As scientists work to unravel the complex processes that regulate appetite, metabolism and weight management, each discovery and insight brings us closer to understanding weight gain and the challenges of losing weight, keeping it off and staying healthy.
More in-depth understanding of the body's chemical and hormonal regulatory processes can help researchers design drugs and therapies that target specific systems. One of those influential hormones studied at UMMC is leptin, which is secreted by fat.
Normally, leptin acts on the brain to suppress appetite and stimulate energy expenditure in the muscles and other tissues. But the more obese a person gets, the more leptin he or she produces, causing the brain to become increasingly resistant to some of the hormone's effects. In a leptin-resistant brain, the hormone raises blood pressure but no longer helps expend energy, and it doesn't suppress appetite effectively. That contributes to a cycle where an obese person burns fewer calories, feels hungrier and develops high blood pressure.
Through continued research, scientists can potentially design drugs that control leptin's effects, including its tendency to create high blood pressure, a major contributor to heart disease.
Tackling leptin is just one corner of the picture. For instance, at least 80-90 percent of people who've lost substantial weight regain it over time. Researchers are beginning to understand some of the factors contributing to these high recidivism rates - environment, behavior, endocrine and hormone system responses, genetics, neighborhoods, cultures and stress, among other factors - but unraveling exactly how some of those factors work is more difficult.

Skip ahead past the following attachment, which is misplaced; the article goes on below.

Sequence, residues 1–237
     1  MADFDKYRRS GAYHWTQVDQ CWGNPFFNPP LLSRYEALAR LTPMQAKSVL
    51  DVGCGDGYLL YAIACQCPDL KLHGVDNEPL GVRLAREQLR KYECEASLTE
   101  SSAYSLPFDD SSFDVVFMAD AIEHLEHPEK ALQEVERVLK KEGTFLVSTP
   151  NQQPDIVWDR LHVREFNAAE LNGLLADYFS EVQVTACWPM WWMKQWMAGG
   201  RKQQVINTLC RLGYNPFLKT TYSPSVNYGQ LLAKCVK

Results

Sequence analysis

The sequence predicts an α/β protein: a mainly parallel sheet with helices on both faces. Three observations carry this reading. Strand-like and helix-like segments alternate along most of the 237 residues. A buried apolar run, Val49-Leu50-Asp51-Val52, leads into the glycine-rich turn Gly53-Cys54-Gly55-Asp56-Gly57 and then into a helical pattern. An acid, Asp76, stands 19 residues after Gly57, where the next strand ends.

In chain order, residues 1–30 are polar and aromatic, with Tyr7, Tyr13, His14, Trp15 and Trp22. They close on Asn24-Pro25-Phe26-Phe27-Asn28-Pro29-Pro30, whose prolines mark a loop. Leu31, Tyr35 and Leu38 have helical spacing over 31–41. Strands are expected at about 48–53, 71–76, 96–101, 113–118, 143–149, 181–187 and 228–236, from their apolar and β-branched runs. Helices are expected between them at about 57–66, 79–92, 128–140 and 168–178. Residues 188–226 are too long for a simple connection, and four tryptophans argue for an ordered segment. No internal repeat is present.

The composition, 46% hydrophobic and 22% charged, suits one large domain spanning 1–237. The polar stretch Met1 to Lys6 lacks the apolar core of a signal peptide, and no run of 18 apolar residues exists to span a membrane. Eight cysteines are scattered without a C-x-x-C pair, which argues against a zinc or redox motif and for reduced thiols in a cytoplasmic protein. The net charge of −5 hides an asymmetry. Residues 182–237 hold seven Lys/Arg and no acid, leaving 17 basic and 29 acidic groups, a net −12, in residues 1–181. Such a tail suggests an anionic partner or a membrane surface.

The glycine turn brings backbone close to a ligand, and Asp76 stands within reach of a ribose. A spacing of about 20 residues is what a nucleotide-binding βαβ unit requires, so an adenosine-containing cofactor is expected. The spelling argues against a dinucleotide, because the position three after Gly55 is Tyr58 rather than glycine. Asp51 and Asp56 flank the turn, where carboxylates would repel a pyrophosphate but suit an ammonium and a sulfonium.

For example, levels of certain hormones, including ghrelin and peptide YY, in people who recently lost weight are different than in consistently slim people. In weight-loss groups, hormone levels indicate their bodies kick into starvation-response mode to try to regain the weight.
Given all the complexities that influence how we gain, lose and maintain weight, researchers need a full range of methods to uncover the science of obesity. From lab-based analysis of hormones and metabolism to psychological studies of food addiction, to population studies that follow groups of people through months and years, all these methods take financial support. The more scientists can discover about the many factors surrounding obesity, the more accurate and relevant knowledge we'll have to fight it.
The rising tide of obesity-related illness the U.S. costs about $150 billion annually, double the amount it was a decade ago, according to the Centers for Disease Control. That accounts for about 10 percent of all medical spending nationally. With greater than one-third of American adults obese and one in six children as well, the epidemic will continue to drive up healthcare costs. Obesity also increasingly undermines worker productivity. Obesity-related illnesses deteriorate the health and quality of the American work force and the viability of its future members.
In Mississippi, consistently ranked among the country's most obese states, poor work force health passes along hidden costs to businesses and the state. Obesity increases a person's risk for numerous chronic diseases - cancer, diabetes, cardiovascular disease and hypertension chief among them. While physicians can control many of those diseases and help people live normal lives, that care takes people out of their normal routines and, often, away from work. Uncontrolled diseases cause a far greater impact. Providing acute care for preventable illnesses - such as an ambulance ride and emergency-room treatment for a heart attack - drives up costs of private insurance, Medicare and Medicaid, and can create losses for hospitals if the person is uninsured. The more unhealthful our work force becomes, the more our costs of health care increase - costs that already threaten to overwhelm our healthcare systems.
Researchers estimate if trends continue, obese people will spend an on average more than $8,300 on health care annually by 2018, compared to the estimated $5,800 a healthy person will spend. Even if the national obesity rates remain stagnant, the cost of treatment is expected to jump another $50 billion annually to $200 billion. Those costs will further burden employers through health insurance rates and lost productivity when employees are repeatedly absent to receive care for preventable diseases.